Along Came A Spider

David T. Jacobs Phlebology Rockville Centre, NY

Dr. David T. Jacobs is one of the few physicians in NY certified by the American Board of Venous and Lymphatic Medicine. His specialty is Phlebology - the treatment of vein disease. Dr. Jacobs treats medical and cosmetic vein disease in his state-of-the-art facility in Rockville Centre, NY, utilizing the latest techniques... more

You may not notice them every day. But there they are, first forming at the ankles and then suddenly becoming noticeable as they form little groups and climb up the legs. Spider veins. Where do they come from? What can we do about them?

The skin has a network of tiny capillaries everywhere on its surface. These vessels allow for nutrients to be brought to the skin cells, and waste to be removed. The blood then flows into tiny veins, which join together with other veins to gradually form ever-larger veins, draining finally into the very large veins in the legs. Over time, some of these tiny veins which receive blood from the capillaries begin to expand. The reasons for this vary, but the result is the same: the previously tiny invisible vein is now large enough, and close enough to the skin surface, to become visible.

Sometimes these veins occur in isolation, and develop sporadically due to stretching of the vein wall. In other cases, there are localized or widespread patches of spider veins, which could indicate a problem with the larger, deeper veins in the legs. If those larger veins aren’t draining properly, pressure builds up and causes the smaller veins to stretch. Usually, there will be a prominent vein (called a reticular vein) which feeds these patches of spider veins. Over time, as spider veins further expand, they too can develop into reticular veins. Very rarely do they develop into true varicose veins (which measure over 3 mm in size). The good news is that spider veins on their own are totally harmless. In exceptionally rare instances, they can bleed (often when nicked by a razor while shaving), but the bleeding usually stops very quickly, and is not a danger to the patient. 

So how do we treat them? The first step is to determine if the spider veins developed due to a problem with the deeper veins. If so, the best treatment is to close the malfunctioning deeper vein, and then target the spiders. An ultrasound will quickly determine if this is the case. Once the deeper vein is treated, or if the deeper veins are functioning normally, we can successfully target the spider veins with a procedure known as “sclerotherapy”. This is a general term for a treatment where an irritant is injected into a space in the body to cause the space to close. In the case of veins, sclerotherapy is best accomplished with a medication called Sotradecol.

Some doctors use a medication called saline, but this is not the best sclerotherapy agent, as it is less effective, is painful on injection and has a higher risk of darkening the skin. Sotradecol has the fewest risks, has been in use for decades, and is FDA-approved to treat veins of all sizes. Using a minuscule, tiny needle (the smallest available in the world), the Sotradecol is injected directly into the problem vein. This irritates the vein lining, and the body tries to heal the irritation by closing the vein. The injection itself is often painless. A mild tingling sensation may be felt at the injection site, followed by a slight itchiness.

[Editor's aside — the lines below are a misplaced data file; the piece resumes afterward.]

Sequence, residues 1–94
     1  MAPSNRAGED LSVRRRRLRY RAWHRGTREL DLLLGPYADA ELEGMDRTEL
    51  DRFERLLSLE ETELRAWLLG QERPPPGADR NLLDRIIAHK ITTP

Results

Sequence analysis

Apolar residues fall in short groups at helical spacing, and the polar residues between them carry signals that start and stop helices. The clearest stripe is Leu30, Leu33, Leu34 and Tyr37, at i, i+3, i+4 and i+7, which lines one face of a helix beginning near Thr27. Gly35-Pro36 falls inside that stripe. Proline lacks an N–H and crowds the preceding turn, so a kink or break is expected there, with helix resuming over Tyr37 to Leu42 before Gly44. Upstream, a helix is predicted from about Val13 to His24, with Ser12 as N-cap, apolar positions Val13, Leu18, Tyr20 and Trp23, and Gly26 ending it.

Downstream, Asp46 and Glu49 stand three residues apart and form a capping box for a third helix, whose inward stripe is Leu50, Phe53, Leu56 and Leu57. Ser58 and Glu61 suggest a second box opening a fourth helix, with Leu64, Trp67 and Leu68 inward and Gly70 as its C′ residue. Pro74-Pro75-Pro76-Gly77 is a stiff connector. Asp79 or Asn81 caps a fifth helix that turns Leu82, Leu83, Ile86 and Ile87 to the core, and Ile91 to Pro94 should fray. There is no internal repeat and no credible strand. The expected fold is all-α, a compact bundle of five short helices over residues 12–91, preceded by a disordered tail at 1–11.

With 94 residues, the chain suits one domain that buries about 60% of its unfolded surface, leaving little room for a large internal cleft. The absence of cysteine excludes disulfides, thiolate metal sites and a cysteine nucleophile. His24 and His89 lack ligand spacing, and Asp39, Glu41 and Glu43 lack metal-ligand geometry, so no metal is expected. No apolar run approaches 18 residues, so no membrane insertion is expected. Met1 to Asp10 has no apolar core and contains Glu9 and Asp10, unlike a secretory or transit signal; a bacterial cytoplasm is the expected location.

If there is a larger reticular vein feeding the spider veins, I try to inject that vein, so that the Sotradecol flows into all the little spiders that come off of the reticular vein. Sometimes the reticular vein is a little too deep to be seen with the naked eye, so I use a special light to highlight the reticular vein and guide the injection. A cream to reduce irritation and break up any blood that leaks out of the vein is then applied. Compression is applied to the leg for 24 hours after the injection to squeeze the blood out of the vein and allow the vein walls to touch and close up permanently. 

Usually, a series of injections is necessary to effectively treat the veins. Of course, the exact number of sessions needed varies from patient to patient and an estimate will be provided after an initial consultation. This initial visit - which includes an ultrasound to rule out a problem with the deeper veins - is provided at no charge. Subsequent sessions will usually last about a half hour, and all the visible veins on the leg are treated per session. There is no downtime, and many patients come on their lunch break and return right to work. As the treatment of spider veins is considered a purely cosmetic procedure, it is never covered by insurance, but is surprisingly affordable.

Spider veins can occur on other parts of the body as well, namely the face and the trunk. Special care must be taken when treating facial veins, as some of the veins of the face drain into spaces around the brain, and the development of a clot in that area could be very dangerous. It is important to seek out a board-certified phlebologist (vein doctor) who can evaluate and treat these and other veins with the utmost care and expertise. There are many doctors who perform sclerotherapy, but very few certified by the American Board of Venous and Lymphatic Medicine. 

While you may not be thinking about the appearance of your legs during these cold winter months, now is actually the best time to have them treated, as there is a period of several weeks between injection sessions. By the time warm weather comes around again, significant progress can be made toward eliminating or vastly improving the appearance of these troublesome veins. So make an appointment today to squash those pesky spiders!